Saturday Morning, June 8th Preview
This Two-part concert opens with a tribute to the late Oliver Knussen (2005 Ojai Music Director), a composer of infinite wit, imagination, and refinement, qualities readily in evidence in this wide-ranging selection of chamber works. In the dramatic scene, Twice Through the Heart, Mark-Anthony Turnage (who studied with Knussen), filters his fascination with contemporary social issues through jazz and classical idioms. Rachmaninoff’s idiom is lushly Romantic. Here, though, LUDWIG presents his orchestral tone poem, The Isle of the Dead, in an arrangement for chamber ensemble.
This is a concert Olly Knussen would have loved. He was a champion of new music, including that of his student and close friend Mark-Anthony Turnage, but he also loved the delectable harmonies and rich orchestral textures of such late Romantics as Sergei Rachmaninoff.
The works on this tribute are all relatively short but chronological. Masks, the rare early piece that survived Knussen’s critical scrutiny, is heard here with its ad libitum glass chimes. It has joined Debussy’s Syrinx and Varèse’s Density 21.5 as one of the classics of the solo flute literature. Knussen described the next three works that make up a triptych as “diary-like expressions” that were at the same time explorations of new harmonic spaces.
Autumnal, written in memory of Benjamin Britten, has two movements – Nocturne and Serenade – named after two of Britten’s own song cycles.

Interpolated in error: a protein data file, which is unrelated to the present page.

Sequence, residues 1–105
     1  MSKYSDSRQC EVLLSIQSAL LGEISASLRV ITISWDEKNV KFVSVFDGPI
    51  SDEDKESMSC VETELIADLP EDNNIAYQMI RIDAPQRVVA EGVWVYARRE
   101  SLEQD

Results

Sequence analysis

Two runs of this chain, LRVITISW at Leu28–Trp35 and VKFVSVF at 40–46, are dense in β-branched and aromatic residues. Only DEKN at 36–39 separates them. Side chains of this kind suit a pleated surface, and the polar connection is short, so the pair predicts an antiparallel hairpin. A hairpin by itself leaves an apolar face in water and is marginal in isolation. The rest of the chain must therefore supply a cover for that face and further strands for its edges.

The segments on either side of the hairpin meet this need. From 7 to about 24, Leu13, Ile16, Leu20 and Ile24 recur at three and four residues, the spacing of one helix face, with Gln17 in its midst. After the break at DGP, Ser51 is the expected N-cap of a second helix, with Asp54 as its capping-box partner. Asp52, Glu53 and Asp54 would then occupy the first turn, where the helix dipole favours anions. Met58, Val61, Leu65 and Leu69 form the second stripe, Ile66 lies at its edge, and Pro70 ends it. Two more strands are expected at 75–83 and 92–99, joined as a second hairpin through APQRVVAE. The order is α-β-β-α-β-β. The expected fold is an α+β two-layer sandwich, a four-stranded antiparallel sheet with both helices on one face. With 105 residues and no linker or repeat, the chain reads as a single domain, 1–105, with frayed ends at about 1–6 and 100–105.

In Sonja’s Lullaby, written for Knussen’s infant daughter (now an accomplished singer specializing in new music), the lowest registers of the piano anchor a gentle rocking motion and widely spaced sonorities and filigree in the voices above.
Cantata for oboe and string quartet, the longest movement of the set, is more episodic, a quality that reminded Knussen of 18th-century solo cantatas in their alternation of recitatives and self-contained numbers. There are moments of high drama before an introspective coda recalls the work’s opening.
Eccentric Melody, written for Elliott Carter’s 90th birthday, is a compact, powerful work that explores the cello’s full expressive range.
Ophelia’s Last Dance is fashioned from one of the many fragments in Knussen’s compositional workshop (this one dating from 1974). The melody continued to haunt him and in 2009-10 he brought it together with several other “‘homeless’ dance fragments” to produce a piece “related more by personal history and by mood than anything more concrete.” Study for “Metamorphosis” – another early work – was revised just before Knussen’s death and dedicated to the memory of the composer Alan Stout.